CQ HEALTHBEAT NEWS
Sept. 4, 2012 – 4:28 p.m.
Democratic Platform Touts Health Care Law, Offers Few Specifics About Path Ahead
By Jane Norman, CQ HealthBeat Associate Editor
The Democratic Party platform, released Tuesday, asserts that Republicans would repeal the health care law while Democrats are committed to “moving forward.” But it offers only generalities as to what would lie ahead for health care in a second Obama term.
The platform touts at length the accomplishments of the overhaul (PL 111-148, PL 111-152) with an emphasis on the benefits it creates for women — giving as examples an end to higher insurance premiums for women based on their gender and free preventive services, such as well-woman visits and contraceptive coverage. More is to come as implementation continues, it says.
“Soon, working families will finally have the security of knowing they won’t lose health care or be forced into bankruptcy if a family member gets sick or loses their job,” the platform adds. “And soon, insurance companies will no longer be able to deny coverage based on pre-existing conditions.”
GOP nominee Mitt Romney and Republicans “are more concerned with playing politics than supporting families in this country,” the platform says. Democrats “stand willing to work with anyone to improve the law where necessary, but we are committed to moving forward,” it says. The platform gives no specific examples of where the law might be changed or improved. And while Democrats say they support affordable health care, the platform mentions no new particular strategies for containing costs.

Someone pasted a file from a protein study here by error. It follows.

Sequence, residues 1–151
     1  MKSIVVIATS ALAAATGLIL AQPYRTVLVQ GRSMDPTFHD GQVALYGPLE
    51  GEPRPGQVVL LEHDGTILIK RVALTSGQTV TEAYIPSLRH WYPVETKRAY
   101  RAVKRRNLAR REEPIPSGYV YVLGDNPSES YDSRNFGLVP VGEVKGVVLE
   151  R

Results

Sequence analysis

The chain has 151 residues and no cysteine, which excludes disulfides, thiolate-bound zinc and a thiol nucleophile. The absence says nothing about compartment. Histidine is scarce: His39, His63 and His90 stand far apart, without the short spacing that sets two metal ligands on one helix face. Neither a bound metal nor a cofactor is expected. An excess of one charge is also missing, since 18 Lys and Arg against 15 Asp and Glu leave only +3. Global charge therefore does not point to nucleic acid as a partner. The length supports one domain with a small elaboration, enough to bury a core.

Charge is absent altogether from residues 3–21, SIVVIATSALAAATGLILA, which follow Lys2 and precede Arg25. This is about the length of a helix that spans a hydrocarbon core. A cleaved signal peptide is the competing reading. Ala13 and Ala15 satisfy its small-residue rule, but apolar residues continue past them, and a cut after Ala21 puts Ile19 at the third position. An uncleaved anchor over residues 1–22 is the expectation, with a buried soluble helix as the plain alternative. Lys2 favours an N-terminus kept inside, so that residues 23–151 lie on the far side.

The Republicans’ platform, released during their national convention last week, includes a series of ideas long supported by party members. It calls on Congress to repeal the health care law and says a Republican president would, on his first day in office, use his waiver authority under the law to block implementation of the health care overhaul. Republicans also say they support limits on federal requirements for private insurance and Medicaid, price transparency for the costs of services, caps on economic damages in medical malpractice lawsuits, purchasing pools to expand coverage to the uninsured and promotion by the government of high-deductible insurance plans, like health savings accounts.
Democrats will continue to fight for a strong health care workforce with an emphasis on primary care, access to mental health and substance abuse services, investments in public health infrastructure and money for community health centers, the platform says. Party members oppose efforts to distribute Medicaid funds to states through block grants or to reduce Medicaid funding; block grants are backed in the GOP platform. On HIV and AIDS, the platform highlights the president’s strategy for responding to the epidemic and says the administration’s evidence-based plan will direct money to the groups at most risk, including gay men, substance abusers and black and Latino Americans.
“And we will continue to support America’s groundbreaking biomedical researchers in their lifesaving work,” the platform concludes.
As for Medicare, the platform says, “Democrats adamantly oppose any efforts to privatize or voucherize Medicare; unlike our opponents we will not ask seniors to pay thousands of dollars more every year while they watch the value of their Medicare benefits evaporate.” A premium support plan proposed by Romney’s running mate, Rep.
“Our reform of health care will empower millions of seniors to control their personal health care decisions, unlike Obamacare that empowered a handful of bureaucrats to cut Medicare in ways that will deny care for the elderly,” Republicans said in their platform.
Democrats said the new health care law strengthened Medicare with new benefits, improved quality of care and better abilities to detect scams, the platform says. The president’s crackdown on health care fraud has saved $10 billion and the platform says that Democrats will “build on those reforms, not eliminate Medicare’s guarantees.”
Jane Norman can be reached at email@example.com